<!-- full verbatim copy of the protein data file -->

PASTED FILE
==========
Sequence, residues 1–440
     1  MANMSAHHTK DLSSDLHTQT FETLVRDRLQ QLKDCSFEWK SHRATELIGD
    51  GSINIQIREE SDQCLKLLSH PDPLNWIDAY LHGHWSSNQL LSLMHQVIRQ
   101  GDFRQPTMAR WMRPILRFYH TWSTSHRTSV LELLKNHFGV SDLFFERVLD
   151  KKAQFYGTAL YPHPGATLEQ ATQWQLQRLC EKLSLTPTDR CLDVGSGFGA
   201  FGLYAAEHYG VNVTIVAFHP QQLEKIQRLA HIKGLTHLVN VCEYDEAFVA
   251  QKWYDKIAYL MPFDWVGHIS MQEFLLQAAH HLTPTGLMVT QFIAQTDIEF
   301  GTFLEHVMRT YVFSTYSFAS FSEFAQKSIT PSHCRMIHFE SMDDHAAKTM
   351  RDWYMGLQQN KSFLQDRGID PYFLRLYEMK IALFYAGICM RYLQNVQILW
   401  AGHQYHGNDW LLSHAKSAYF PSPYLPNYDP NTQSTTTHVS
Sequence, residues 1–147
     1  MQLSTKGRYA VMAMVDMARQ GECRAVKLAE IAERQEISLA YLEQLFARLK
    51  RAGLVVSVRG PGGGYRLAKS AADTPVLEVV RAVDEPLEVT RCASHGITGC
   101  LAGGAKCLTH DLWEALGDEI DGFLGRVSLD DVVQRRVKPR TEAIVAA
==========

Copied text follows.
Sequence, residues 1–440
     1  MANMSAHHTK DLSSDLHTQT FETLVRDRLQ QLKDCSFEWK SHRATELIGD
    51  GSINIQIREE SDQCLKLLSH PDPLNWIDAY LHGHWSSNQL LSLMHQVIRQ
   101  GDFRQPTMAR WMRPILRFYH TWSTSHRTSV LELLKNHFGV SDLFFERVLD
   151  KKAQFYGTAL YPHPGATLEQ ATQWQLQRLC EKLSLTPTDR CLDVGSGFGA
   201  FGLYAAEHYG VNVTIVAFHP QQLEKIQRLA HIKGLTHLVN VCEYDEAFVA
   251  QKWYDKIAYL MPFDWVGHIS MQEFLLQAAH HLTPTGLMVT QFIAQTDIEF
   301  GTFLEHVMRT YVFSTYSFAS FSEFAQKSIT PSHCRMIHFE SMDDHAAKTM
   351  RDWYMGLQQN KSFLQDRGID PYFLRLYEMK IALFYAGICM RYLQNVQILW
   401  AGHQYHGNDW LLSHAKSAYF PSPYLPNYDP NTQSTTTHVS
Sequence, residues 1–147
     1  MQLSTKGRYA VMAMVDMARQ GECRAVKLAE IAERQEISLA YLEQLFARLK
    51  RAGLVVSVRG PGGGYRLAKS AADTPVLEVV RAVDEPLEVT RCASHGITGC
   101  LAGGAKCLTH DLWEALGDEI DGFLGRVSLD DVVQRRVKPR TEAIVAA